Chapter 3: The Brain Adjusts itself to any Body Plan

Faith the dog:

Dogs can learn to control the movement of skateboards:

[video of skateboarding bulldog here]

....and they can drive large body plans which include steering wheels and tires:

Chapter 4: The Brain Wraps Itself around New Inputs: Sensory Substitution and Addition

See this video of plasticity from WIRED Science: "Mixed Feelings"                      

Chapter 5:

Interview with Miguel Nicolelis on the Daily Show

           

The Walk Again Project, an international collaboration of researchers to allow the paralyzed to control robotic suits with their thoughts.

Video: Monkey and robotic arm

 

From the Blog

  • The Brain and the Law
    The Brain and the Law

    Interested in the intersection of the brain and the legal system? Watch a talk I delivered at the Royal Society for the Arts in London, entitled "The Brain and the Law".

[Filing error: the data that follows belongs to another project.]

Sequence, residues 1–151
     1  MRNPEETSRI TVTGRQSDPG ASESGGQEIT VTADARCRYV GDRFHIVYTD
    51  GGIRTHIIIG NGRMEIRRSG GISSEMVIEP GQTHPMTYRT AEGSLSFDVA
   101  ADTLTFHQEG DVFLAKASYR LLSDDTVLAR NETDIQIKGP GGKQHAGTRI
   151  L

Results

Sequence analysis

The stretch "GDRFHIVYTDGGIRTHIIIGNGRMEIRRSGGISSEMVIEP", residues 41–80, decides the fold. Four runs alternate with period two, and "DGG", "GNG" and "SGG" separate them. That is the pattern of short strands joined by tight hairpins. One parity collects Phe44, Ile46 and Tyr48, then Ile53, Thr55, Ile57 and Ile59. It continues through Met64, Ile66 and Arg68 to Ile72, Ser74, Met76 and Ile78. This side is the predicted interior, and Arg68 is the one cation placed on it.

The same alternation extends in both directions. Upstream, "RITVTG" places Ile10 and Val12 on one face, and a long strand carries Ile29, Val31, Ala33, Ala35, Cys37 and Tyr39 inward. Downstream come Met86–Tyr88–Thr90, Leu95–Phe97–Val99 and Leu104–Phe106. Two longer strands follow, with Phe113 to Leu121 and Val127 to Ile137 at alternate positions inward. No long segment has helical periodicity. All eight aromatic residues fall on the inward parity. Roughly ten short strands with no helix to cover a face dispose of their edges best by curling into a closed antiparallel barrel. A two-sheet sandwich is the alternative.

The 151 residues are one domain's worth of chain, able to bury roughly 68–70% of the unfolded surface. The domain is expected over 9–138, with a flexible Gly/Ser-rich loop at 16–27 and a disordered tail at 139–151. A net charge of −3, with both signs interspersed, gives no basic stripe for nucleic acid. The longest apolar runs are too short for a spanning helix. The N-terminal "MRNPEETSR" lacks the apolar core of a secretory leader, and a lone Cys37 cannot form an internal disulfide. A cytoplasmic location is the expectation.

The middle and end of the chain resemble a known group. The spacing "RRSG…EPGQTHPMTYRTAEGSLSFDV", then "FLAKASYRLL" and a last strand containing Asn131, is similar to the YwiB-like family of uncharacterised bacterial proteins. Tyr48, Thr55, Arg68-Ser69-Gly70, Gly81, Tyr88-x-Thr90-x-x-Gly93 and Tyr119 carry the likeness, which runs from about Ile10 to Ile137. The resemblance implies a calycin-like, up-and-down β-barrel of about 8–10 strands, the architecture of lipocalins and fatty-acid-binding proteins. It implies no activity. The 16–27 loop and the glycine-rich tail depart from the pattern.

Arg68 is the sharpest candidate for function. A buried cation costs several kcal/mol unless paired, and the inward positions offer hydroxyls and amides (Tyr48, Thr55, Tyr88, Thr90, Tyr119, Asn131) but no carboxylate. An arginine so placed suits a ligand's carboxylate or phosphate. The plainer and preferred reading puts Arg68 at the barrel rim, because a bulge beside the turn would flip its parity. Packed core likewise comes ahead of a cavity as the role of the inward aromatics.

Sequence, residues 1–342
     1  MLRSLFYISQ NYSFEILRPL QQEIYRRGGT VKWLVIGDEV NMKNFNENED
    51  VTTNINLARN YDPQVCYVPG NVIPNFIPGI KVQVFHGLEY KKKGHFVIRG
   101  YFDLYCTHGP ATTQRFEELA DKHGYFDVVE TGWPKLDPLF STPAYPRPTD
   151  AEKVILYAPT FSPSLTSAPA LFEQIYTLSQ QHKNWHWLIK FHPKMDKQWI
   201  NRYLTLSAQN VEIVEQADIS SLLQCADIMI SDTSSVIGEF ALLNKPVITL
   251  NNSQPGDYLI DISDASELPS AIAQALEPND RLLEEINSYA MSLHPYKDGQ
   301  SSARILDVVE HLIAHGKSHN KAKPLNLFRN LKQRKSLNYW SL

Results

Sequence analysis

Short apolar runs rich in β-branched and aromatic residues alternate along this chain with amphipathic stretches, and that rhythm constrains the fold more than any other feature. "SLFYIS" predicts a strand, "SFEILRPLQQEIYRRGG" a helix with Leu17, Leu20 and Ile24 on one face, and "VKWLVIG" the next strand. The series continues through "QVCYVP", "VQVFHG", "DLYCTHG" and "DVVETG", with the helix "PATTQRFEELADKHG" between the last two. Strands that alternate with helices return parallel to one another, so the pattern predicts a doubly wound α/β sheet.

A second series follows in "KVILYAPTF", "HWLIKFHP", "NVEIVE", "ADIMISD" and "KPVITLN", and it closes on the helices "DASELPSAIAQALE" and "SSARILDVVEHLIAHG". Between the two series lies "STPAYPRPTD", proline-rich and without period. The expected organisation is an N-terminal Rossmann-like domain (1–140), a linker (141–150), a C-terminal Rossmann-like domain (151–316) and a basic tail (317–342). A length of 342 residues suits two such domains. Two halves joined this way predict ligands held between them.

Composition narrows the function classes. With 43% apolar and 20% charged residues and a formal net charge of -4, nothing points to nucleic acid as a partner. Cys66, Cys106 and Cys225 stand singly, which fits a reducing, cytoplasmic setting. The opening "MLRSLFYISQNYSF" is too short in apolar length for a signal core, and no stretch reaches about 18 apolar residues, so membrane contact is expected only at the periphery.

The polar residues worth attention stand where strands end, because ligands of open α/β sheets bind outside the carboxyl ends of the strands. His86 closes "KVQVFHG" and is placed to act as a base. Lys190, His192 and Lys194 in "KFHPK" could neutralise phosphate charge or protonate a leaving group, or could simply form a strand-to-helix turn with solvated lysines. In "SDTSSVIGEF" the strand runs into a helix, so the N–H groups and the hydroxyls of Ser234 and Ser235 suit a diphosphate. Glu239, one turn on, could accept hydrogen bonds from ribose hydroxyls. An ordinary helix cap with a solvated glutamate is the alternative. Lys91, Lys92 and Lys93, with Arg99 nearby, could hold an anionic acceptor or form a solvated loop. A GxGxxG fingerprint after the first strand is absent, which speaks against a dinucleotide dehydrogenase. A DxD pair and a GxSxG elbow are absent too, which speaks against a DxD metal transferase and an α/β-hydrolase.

• The Mystery of Expertise
    The Mystery of Expertise

    To the extent that consciousness is useful, it is useful in small quantities, and for very particular kinds of tasks. It's easy to understand why you would not want to be consciously aware of the intricacies of your muscle movement, but this can be less intuitive when applied to your perceptions, thoughts, and beliefs, which are also final products of…

  • The science of de- and re-humanization
    The science of de- and re-humanization

    Why do groups of people inflict violence on unarmed neighbors? (Germany, Rwanda, Darfur, Nanking....). Here's the neuroscience point of view.

  • Possibilianism at PopTech
    Possibilianism at PopTech

    I recently spoke at PopTech on the limits of science, the problems of false dichotomies, and my new movement of possibilianism. See the video.

Newsflashes

Guggenheim Fellowship

David has been named a John Simon Guggenheim Fellow. He will use the fellowship opportunity to pursue the genetics and neuroimaging of synesthesia.

Science Educator Award

David has won the Science Educator Award from the Society of Neuroscience.

New Scientist time story

New Scientist magazine features David Eagleman's time perception research as their cover story.
Cover of 24 October 2009 issue of New Scientist magazine

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